Inside Paradigm’s plan to make Ethereum more resilient

Crypto venture firm Paradigm made one of its most notable contributions to the Ethereum network yesterday, launching the alpha version of an open-source node implementation called Reth v0.1.0.

Reth, developed in the Rust programming language and released under an Apache/MIT License, forms part of the backbone of Paradigm’s commitment to actively influencing the crypto sphere by creating client software centered around performance. The project took nine months of coding, a devoted team of eight core developers and 90 contributors.

It aims to reduce latency between the node and the network while maintaining uptime at all times. However, the main objective of Reth goes beyond the technical as it seeks to make Ethereum’s blockchain more approachable for developers by enhancing node performance.

Although client diversity isn’t a pressing concern for Ethereum, it’s crucial for the network’s users to rely on diverse client projects that offer fully functional node software and well-connected to the network. This is where Reth comes into play.

“We believe that by using Reth as a node, we can actively contribute to enhancing Ethereum’s client diversity, thereby improving the stability and decentralization of the protocol,” Georgios Konstantopoulos, CTO of Paradigm and developer behind Reth, told The Block.

Reth: Performance-centric Ethereum client software

Ethereum node clients can be divided into two categories: those designed for Ethereum’s execution layer, which handles transaction settlement, and those meant for the consensus layer, responsible for achieving network consensus. Notably, Paradigm has joined a growing list of companies developing such software for Ethereum, contributing to an already crowded client software market.

Existing popular execution clients include Geth, Nethermind, Besu, and Erigon, while consensus clients comprise Lighthouse, Lodestar, Nimbus, Prysm, and Teku. Nevertheless, the Ethereum ecosystem always stands to gain from an influx of a new client project, especially one backed by an influential venture fund like Paradigm, renowned for its substantial technical and financial prowess.

Reth’s primary role will be as an execution client, enabling users to utilize it for block building and maximal value extraction as necessary. Moreover, it can support Ethereum consensus nodes as well. 

Reth has already demonstrated impressive performance metrics. The team said that Reth can endure heavy traffic and sync quickly. It was able to sync with the Ethereum blockchain from its genesis to block number 17.4 million within 50 hours. This, Paradigm, claims, is the the fastest sync speed among all client projects.

Despite these significant advancements, Reth is still in its alpha phase, with the team working towards improving the software’s stability and resilience.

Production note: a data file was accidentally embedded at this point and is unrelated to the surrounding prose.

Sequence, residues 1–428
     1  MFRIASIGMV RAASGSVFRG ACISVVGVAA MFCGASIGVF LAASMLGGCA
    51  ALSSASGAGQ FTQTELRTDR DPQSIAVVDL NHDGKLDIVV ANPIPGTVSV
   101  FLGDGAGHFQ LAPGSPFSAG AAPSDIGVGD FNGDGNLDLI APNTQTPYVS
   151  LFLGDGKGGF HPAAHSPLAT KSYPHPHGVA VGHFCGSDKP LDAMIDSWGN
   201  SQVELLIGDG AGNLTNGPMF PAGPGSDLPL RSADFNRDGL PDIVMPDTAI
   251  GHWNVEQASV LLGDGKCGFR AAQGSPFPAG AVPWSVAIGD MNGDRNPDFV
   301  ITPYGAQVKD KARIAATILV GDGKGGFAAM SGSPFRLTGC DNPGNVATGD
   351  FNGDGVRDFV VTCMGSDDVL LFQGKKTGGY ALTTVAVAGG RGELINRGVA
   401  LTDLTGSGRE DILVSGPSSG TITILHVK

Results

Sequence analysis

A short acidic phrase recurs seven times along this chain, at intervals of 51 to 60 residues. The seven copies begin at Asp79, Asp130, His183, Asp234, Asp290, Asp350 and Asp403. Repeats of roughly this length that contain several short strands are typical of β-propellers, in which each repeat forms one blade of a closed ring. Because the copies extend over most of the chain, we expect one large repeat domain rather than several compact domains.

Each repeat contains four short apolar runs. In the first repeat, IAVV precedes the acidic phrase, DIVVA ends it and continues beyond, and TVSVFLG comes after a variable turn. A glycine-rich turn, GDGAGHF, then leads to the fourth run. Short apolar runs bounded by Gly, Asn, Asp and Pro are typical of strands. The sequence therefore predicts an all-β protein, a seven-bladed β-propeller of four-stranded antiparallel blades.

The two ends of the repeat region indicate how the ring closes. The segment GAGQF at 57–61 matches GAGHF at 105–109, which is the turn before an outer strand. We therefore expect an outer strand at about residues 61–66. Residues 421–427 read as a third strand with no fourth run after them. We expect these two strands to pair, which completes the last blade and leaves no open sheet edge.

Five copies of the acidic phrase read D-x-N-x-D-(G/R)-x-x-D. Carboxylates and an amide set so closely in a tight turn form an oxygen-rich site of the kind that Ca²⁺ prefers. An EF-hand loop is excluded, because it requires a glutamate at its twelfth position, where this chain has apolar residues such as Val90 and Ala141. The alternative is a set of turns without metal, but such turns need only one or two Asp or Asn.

The Block caught up with Paradigm’s Georgios Konstantopoulos to discuss Reth’s role in the Ethereum ecosystem, the challenges faced in building Reth out, and what the industry should expect to come next. Here’s the full Q&A:

What is your vision for Reth’s role in the Ethereum ecosystem in the next 5 years? Do you aim to overtake existing clients or remain a niche alternative option?

We believe that by using Reth as a node, we can actively contribute to enhancing Ethereum’s client diversity, thereby improving the stability and decentralization of the protocol. Furthermore, Reth’s role as an SDK ensures that it provides a user-friendly and accessible tool for developing EVM-centric infrastructure, such as indexers, block builders, and more.

We do not have a zero sum mindset, and we hope that Reth offers an alternative option for people who are after high performance and a great node experience.

What has been the most surprising challenge you’ve faced so far in developing Reth? What have you learned from it?

The biggest challenges have been:

  1. Learning all the edge cases that exist as part of Ethereum’s history and correctly implementing them.
  2. Optimizing every component of the node in the presence of such edge cases.

Our biggest learning from this was unsurprisingly: Mature testing and benchmarking practices are table stakes for any high performance / complex system developer’s toolkit. We put a lot of emphasis on that early on, and that allowed us to iterate very fast on new features, while covering edge cases and optimizing components without fear of breakages or regressions.

How extensively has Reth been tested under adverse conditions like high transaction volumes, network splits, or denial of service attacks? What concerns do you have about its resilience?